[Solved] Problem with tr an ä,ü,ö



  • Hello,

    I want to change the Text of a label
    with ui.llabel->changeText(tr("test1")) and also with
    words that contain a ä,ü or ö (I don't know the english word
    for this letters). But then I get some other letters.
    And if I try QString::fromUtf8(tr("test1")), that don't work,
    because the fromUtf8 function wants a const string.


  • Moderators

    How about:
    @
    tr(QString::fromUtf8(“test1”))
    @

    Or simply use the UTF chars with tr, without any reference to QString.



  • tr() wants a const QString and fromUtf8 returns a QString.
    Casting also dont work.


  • Moderators

    Are your source files encoded in UTF-8? Maybe that is why you used to get "then I get some other letters".

    I guess Volker would be better here, he has experience with tr() and UTF-8. I usually code in English only.



  • You have to make sure your files are encoded in UTF-8.

    Also add following:

    here is part of my main.cpp:

    @
    //-----------------------------------------------------------
    #include <qtextcodec.h>

    int main(int argc, char *argv[])
    {

    QTextCodec::setCodecForTr( QTextCodec::codecForName("UTF-8") );
    QTextCodec::setCodecForCStrings( QTextCodec::codecForName("UTF-8") );
    //-----------------------------------------------------------
    @



  • Hm, usually the non-ASCII characters should come in with the translation files, and not stand hardcoded in the source file. So write your hardcoded strings in pure ASCII in the source file. If any translation (even the english one) needs non-ASCII characters somewhere, do it with the translation file. Until then it is sensible to replace ä ö ü with ae oe ue and tell the translator(s) to make sure they convert them to umlauts (<- that's the english word for them).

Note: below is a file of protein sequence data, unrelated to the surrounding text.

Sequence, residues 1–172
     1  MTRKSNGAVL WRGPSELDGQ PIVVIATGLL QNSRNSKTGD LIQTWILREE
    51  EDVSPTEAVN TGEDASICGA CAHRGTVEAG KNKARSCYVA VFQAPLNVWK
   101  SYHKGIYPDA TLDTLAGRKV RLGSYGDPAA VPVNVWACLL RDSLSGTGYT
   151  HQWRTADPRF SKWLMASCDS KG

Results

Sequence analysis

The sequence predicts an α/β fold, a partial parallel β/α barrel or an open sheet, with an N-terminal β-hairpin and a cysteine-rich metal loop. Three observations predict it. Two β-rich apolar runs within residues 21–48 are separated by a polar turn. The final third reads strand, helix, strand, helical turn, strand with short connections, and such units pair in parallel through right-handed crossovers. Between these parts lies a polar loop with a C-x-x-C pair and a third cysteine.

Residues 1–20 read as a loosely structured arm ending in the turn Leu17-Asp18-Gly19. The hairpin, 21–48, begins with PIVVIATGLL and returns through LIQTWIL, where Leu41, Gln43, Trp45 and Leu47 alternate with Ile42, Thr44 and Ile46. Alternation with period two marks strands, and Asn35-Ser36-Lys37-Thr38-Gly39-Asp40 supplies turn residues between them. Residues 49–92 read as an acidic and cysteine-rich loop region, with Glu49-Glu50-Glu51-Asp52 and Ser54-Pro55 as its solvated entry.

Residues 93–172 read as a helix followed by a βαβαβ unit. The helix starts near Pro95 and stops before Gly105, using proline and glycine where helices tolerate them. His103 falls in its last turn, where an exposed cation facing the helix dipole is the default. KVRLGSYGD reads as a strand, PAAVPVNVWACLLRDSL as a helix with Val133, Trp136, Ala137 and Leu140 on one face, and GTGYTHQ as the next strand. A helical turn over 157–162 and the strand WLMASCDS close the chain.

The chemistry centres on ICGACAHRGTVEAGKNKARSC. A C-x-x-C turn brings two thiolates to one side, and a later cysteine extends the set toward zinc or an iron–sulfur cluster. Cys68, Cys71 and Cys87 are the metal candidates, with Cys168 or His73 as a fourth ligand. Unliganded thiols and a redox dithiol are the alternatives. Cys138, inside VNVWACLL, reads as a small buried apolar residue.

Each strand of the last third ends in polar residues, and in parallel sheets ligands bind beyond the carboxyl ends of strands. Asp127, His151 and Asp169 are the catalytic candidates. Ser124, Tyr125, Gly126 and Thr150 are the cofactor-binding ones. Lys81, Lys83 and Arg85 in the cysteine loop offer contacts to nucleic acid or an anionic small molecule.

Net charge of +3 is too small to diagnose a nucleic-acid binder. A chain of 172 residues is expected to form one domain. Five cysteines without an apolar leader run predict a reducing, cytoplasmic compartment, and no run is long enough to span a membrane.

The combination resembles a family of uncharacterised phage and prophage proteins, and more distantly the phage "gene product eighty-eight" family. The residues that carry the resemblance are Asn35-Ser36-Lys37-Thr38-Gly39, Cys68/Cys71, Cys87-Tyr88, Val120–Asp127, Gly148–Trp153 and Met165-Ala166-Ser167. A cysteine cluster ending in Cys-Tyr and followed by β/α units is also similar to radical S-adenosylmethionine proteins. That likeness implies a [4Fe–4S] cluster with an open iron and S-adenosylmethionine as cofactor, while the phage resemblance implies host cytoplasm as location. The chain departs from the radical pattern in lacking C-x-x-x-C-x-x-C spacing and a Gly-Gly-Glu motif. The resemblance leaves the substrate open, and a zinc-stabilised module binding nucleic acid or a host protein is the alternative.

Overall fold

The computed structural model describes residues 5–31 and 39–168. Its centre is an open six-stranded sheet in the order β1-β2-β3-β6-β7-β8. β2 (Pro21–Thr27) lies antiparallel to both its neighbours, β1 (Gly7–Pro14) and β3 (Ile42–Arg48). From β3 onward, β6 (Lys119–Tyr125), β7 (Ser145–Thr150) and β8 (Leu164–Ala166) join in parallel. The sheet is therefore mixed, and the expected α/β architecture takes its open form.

If you insist on using non-ASCII characters in your source file, use trUtf8. Maybe a better alternative would be to escape them and use regular tr. For example tr("\304") will return Ä. (That's the octal code for the UTF-8-character Ä).
    Those are the codes in hex (0x00C4 = 304 (octal)):
    Ä U+00C4
    Ö U+00D6
    Ü U+00DC
    ä U+00E4
    ö U+00F6
    ü U+00FC

    //EDIT: @Yucel: Well if you use UTF-8 Encoding (which is highly recommended) you shouldn't set your codecs to ISO-8859-9 but to UTF-8. Also on Windows.



  • you are right, I used it as an example from one of my projects. Should have replaced it, before posting.



  • thank you for your responses. I tried it with trUtf8 and
    it works fine.


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